Check5 - Breast Cancer Awareness

October is Breast Cancer Awareness Month for women AND men.  Though you typically see the color pink during the month, the annual awareness program is designed to bring awareness about the disease and educate on the importance of early detection. 

Breast cancer is one of the most common cancers among women - but men can get it also.  Men can also get gynecomastia, a benign swelling of the breast tissue. 


  1. Check your breasts every month for lumps or changes.

  2. Have a clinical exam every year.  Instead of having your clinical and mammogram scheduled at the same time, think about separating the two.  For example, have your clinical exam in January and your mammogram in July.  This way you have your breasts checked professionally every six months instead of once a year.  Our goal is to detect issues at the earliest point and this method helps to insure early detection.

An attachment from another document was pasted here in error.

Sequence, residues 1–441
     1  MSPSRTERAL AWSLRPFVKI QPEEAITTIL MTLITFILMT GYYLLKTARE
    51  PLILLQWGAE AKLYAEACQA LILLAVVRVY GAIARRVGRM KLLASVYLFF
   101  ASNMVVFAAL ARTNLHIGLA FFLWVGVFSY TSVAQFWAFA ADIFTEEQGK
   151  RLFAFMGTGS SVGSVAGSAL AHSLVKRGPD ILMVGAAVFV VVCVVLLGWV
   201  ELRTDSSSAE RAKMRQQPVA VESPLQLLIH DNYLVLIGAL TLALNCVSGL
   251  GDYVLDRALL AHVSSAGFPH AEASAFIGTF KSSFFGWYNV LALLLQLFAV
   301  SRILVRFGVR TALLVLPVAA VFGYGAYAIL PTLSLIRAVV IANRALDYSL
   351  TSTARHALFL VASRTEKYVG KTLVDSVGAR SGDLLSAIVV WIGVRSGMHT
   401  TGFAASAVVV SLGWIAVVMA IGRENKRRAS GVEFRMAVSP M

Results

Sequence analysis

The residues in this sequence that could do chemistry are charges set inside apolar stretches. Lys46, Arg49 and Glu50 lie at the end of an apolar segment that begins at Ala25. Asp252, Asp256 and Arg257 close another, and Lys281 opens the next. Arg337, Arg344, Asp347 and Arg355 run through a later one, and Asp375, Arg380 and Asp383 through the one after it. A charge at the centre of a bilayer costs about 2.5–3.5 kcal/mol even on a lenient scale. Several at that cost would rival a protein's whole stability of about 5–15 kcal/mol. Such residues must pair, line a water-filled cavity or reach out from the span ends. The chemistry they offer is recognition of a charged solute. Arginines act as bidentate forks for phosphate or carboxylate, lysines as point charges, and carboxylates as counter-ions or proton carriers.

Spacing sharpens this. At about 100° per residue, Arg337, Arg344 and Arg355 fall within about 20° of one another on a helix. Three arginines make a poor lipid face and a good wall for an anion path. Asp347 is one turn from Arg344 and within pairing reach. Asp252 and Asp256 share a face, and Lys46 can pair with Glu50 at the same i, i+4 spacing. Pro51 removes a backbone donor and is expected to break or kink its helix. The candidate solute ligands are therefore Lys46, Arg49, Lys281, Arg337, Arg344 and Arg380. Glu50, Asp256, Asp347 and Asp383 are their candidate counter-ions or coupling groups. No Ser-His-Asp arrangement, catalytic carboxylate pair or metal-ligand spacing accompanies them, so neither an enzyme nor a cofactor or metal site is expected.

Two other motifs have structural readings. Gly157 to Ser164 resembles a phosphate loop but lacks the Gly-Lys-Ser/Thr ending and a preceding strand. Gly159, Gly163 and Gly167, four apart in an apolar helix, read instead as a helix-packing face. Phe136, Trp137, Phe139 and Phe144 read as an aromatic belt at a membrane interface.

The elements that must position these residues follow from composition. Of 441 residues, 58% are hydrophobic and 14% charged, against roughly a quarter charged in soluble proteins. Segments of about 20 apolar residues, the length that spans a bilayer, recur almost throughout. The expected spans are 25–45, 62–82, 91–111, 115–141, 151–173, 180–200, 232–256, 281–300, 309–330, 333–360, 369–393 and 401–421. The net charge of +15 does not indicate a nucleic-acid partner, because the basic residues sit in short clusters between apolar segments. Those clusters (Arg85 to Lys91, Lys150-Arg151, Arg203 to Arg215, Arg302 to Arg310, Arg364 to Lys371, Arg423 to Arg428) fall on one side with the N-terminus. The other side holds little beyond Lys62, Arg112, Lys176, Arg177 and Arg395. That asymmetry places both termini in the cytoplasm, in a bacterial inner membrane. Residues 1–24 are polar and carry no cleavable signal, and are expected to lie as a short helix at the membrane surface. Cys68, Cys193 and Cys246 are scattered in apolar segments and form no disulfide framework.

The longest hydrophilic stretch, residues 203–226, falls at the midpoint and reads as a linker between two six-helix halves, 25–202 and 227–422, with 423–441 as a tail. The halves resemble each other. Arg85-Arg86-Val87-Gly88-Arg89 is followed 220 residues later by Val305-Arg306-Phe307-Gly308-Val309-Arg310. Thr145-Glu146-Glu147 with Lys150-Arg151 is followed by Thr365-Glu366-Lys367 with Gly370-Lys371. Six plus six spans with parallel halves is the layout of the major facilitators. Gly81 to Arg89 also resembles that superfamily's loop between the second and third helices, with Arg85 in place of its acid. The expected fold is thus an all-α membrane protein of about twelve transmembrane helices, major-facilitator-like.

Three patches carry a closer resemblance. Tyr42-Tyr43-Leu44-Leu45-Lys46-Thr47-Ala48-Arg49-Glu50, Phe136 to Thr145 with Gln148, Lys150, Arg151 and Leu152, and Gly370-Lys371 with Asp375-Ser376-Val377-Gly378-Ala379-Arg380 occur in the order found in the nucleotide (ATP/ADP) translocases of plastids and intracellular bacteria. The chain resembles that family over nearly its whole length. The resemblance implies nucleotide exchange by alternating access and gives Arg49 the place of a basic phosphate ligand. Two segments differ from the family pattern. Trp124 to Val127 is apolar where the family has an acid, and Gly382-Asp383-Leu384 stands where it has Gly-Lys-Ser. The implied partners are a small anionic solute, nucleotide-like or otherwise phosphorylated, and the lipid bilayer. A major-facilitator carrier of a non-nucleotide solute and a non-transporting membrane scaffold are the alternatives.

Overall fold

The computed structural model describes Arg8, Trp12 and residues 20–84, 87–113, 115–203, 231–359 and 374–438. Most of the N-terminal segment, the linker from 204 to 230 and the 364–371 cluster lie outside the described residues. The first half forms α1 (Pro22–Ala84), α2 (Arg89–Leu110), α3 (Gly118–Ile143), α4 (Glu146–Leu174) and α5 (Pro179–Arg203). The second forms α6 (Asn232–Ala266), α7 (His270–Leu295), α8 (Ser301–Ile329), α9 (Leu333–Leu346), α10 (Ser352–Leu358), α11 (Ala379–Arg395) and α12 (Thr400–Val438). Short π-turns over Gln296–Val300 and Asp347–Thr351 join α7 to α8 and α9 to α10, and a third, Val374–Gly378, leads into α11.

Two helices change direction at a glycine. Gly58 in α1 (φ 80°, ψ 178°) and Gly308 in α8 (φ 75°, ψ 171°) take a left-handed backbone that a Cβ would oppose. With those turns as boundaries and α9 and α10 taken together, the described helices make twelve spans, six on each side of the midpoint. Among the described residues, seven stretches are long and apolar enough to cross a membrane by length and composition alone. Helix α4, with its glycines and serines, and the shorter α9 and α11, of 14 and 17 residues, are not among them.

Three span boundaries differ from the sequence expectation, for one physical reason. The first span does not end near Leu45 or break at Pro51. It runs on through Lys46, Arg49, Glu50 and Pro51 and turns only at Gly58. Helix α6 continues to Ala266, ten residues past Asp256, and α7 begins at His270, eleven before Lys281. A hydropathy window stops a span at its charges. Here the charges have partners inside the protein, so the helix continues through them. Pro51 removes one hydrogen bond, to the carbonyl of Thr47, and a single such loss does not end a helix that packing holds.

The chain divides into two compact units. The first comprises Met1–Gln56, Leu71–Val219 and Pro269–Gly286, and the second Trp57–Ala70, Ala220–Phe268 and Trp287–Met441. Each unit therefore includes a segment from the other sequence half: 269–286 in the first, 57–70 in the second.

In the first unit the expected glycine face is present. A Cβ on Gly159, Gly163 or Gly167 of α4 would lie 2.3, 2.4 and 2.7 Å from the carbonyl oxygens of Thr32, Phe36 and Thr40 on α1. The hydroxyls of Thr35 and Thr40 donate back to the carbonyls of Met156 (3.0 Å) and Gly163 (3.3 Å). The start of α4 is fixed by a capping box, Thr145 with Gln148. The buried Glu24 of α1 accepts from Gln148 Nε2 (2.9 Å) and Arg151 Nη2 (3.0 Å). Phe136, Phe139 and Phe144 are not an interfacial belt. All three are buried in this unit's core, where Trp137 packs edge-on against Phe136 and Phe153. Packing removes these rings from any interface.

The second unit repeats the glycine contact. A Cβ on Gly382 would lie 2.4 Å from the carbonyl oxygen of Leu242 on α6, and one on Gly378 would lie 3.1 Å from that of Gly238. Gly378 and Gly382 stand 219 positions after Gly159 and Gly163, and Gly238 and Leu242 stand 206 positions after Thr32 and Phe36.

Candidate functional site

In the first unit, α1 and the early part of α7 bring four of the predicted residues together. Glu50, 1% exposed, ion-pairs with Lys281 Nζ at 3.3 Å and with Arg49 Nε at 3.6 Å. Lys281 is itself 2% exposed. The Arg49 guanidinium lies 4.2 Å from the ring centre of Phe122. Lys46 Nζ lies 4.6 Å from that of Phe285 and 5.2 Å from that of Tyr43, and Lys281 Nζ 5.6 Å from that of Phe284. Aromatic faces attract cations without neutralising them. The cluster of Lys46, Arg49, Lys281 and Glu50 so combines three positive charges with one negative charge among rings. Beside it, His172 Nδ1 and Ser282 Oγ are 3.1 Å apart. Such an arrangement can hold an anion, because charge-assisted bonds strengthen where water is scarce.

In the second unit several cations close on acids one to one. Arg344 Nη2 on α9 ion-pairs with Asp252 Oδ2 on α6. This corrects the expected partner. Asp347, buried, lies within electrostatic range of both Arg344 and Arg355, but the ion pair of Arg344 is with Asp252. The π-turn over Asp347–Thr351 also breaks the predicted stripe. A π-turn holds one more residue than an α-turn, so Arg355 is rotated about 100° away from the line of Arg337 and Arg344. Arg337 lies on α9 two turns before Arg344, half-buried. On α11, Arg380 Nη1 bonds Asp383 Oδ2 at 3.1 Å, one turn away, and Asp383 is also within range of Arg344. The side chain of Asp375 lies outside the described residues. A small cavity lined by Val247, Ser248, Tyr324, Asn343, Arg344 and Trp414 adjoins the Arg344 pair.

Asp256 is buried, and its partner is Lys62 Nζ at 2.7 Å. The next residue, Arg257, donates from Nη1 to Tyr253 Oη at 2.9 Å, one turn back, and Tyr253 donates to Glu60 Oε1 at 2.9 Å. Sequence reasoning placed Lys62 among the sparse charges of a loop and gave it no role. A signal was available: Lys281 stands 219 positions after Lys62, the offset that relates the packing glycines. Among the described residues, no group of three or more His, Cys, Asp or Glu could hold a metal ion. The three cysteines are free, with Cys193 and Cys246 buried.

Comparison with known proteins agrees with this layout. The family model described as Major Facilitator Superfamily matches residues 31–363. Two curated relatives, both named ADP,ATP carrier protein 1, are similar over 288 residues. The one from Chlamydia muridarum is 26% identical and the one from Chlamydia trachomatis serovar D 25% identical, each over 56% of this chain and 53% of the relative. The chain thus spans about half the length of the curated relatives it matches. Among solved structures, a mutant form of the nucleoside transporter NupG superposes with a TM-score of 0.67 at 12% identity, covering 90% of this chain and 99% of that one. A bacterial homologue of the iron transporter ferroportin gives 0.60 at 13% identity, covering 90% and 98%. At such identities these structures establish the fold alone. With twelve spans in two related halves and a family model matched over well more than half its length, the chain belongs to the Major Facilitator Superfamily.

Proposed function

3. Have a mammogram every year, starting at age 40.  If your mother had breast cancer at an early age, start your mammogram ten years earlier than her detection age.

  4. Know the signs and symptoms of breast cancer.  If your son or daughter tells you they found something, check it out.  Don’t let a doctor tell you that your child is too young to have breast cancer and let it go.  An eight year old child was diagnosed with breast cancer.

  5. Everyone who has a breast is at risk for breast cancer.  

I’ve been a breast imager for a long time and have seen a lot of changes during my career.  Helping women and men with their healthcare has been a fulfilling career.  A question I routinely get from someone getting their first mammogram is “Is it going to hurt?”.  It depends on a lot of factors but most people say it’s more of a discomfort than pain.  The few seconds of discomfort during a mammogram is well worth peace of mind in my book.

So take care of yourself, be healthy!

Roxanne Gross